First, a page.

Codegnosis
Aug 7 · 4 min read

In this series of DevNews articles, we’ll be publishing some behind the scenes details on Unification’s projects and repos. We hope these articles will give the developer community some insight into our progress, and encourage devs to get involved!

At Unification, we view WRKChains as entities which will “grow” from Mainchain. Since a WRKChain is a blockchain (which can be deployed by any developer, and runs independently from Mainchain), it generates block hashes, and these hashes are what need to be timestamped and sealed on Mainchain for integration into the network.

The WRKChain Root (as the name suggests!) is the root system which integrates a WRKChain, and its block hashes into the Mainchain. The WRKChain Root is effectively a smart contract that is embedded into Mainchain’s Genesis block. It is where WRKChains are registered, and their block hashes submitted. Registration and hash submission can be done automatically using our WRKOracle software, or — should a developer wish — manually or via their own custom software. The WRKOracle will be covered in a future article — in this article, we’re going to give brief introduction to the WRKChain Root smart contract and a couple of its main functions.

For anyone interested in the code, the active development can be followed here: https://github.com/unification-com/mainchain/tree/master/contracts/wrkchainroot.

The latest version will be deployed on our upcoming DSG-enabled testnet, and will supersede the version deployed on the current testnet. The functions and events covered below are correct at the time of publishing.

WRKChain struct

Each WRKChain is assigned its own structupon registration, which holds some basic metadata such as registration date, owner, and the addresses authorised to submit hashes on behalf of the WRKChain. The structalso allows a WRKChain to seal its Genesis hash. In addition to the metadata, the latest WRKChain block hashes are stored, and updated with each new block submission. A WRKChain’s structcan be queried and its respective metadata retrieved.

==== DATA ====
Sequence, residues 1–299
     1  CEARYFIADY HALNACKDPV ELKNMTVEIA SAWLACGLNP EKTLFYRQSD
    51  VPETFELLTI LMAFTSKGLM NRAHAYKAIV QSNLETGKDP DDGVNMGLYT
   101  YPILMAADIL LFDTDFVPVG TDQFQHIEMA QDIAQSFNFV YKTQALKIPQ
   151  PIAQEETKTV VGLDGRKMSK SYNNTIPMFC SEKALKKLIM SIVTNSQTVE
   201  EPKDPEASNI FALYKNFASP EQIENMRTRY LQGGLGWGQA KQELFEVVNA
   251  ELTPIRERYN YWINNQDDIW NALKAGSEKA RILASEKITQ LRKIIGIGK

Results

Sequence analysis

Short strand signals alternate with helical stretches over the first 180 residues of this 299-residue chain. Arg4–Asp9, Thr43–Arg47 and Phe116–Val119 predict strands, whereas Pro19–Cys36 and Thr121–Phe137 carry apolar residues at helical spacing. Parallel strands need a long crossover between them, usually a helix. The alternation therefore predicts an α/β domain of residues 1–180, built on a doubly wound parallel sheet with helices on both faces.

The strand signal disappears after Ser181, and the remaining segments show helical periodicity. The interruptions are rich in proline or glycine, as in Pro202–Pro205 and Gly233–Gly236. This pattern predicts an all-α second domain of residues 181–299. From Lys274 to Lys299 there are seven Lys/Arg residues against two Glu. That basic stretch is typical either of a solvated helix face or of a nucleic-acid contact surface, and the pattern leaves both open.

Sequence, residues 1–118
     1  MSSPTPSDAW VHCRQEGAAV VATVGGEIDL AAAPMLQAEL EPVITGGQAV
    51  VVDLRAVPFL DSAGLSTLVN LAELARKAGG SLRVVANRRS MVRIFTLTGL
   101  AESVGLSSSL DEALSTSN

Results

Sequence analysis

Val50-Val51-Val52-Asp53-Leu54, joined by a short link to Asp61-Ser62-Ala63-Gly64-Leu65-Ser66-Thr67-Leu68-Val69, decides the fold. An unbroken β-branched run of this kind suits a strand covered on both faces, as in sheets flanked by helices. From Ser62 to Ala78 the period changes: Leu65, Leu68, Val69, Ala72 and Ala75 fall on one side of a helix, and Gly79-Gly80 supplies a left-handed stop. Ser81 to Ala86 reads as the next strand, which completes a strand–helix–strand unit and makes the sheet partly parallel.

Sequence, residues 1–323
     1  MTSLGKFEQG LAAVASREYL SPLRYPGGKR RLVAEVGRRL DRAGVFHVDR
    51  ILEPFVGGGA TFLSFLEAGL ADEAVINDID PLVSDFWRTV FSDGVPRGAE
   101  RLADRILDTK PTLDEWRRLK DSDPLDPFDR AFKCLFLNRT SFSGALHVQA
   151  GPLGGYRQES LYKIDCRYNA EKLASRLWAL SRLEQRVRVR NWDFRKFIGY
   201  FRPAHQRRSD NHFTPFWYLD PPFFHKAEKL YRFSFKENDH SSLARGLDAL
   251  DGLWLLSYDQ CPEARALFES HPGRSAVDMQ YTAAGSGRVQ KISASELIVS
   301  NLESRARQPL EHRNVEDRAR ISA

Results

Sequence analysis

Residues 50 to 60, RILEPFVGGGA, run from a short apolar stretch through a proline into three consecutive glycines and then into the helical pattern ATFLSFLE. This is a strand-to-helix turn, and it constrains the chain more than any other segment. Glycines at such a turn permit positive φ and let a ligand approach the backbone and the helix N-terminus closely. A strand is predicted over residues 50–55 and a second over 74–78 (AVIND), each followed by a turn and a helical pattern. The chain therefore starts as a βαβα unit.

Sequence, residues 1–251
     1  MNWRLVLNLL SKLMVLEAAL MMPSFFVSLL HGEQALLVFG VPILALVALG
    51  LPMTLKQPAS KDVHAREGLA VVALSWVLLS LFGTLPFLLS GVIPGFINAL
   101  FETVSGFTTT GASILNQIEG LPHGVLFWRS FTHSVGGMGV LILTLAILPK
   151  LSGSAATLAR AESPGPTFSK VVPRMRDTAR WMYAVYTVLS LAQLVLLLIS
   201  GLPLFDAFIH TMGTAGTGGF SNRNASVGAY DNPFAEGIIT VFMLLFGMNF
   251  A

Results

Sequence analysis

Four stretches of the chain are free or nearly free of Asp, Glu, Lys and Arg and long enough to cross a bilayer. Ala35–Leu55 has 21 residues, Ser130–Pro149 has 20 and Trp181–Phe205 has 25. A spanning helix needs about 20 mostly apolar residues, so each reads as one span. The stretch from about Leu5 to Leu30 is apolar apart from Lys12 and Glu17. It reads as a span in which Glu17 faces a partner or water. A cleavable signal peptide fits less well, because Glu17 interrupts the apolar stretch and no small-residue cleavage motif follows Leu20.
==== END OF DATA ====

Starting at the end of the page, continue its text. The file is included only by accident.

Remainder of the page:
Function: registerWrkChain

The registerWrkChainfunction is the initial entry point for every WRKChain. There is a fixed charge for registering a WRKChain, and WRKChains won’t be able to submit hashes without prior registration. Three parameters are required to be submitted with every registration:

  1. _chainId: The unique identifier for the WRKChain within Mainchain. This is a 32 byte value, and can be derived from any string or integer value. By default, the WRKOracle attempts to use the WRKChain’s Network ID (if it’s a gethbased WRKChain), but any arbitrary 32 byte value is valid. The chainIdis used for all future hash submissions and event/log queries.
  2. _authAddresses: An array of valid wallet addresses which can be used to write hashes on behalf of the WRKChain. The WRKChain Root will only accept hashes submitted by an address in this list, which can only be modified by the WRKChain owner (the wallet address that registered)
  3. _genesisHash: A 32 byte hash of the WRKChain’s genesis block. For gethbased WRKChains, this can currently automatically be calculated by the WRKOracle when a genesis.jsonis supplied upon registration. Otherwise, any 32 byte hash (e.g. a sha256 hash of the entire JSON file) is valid — as long as it is reproducible.

The registerWrkChainfunction validates the input, initialises the WRKChain struct, and finally emits a RegisterWrkChainevent.

Function: recordHeader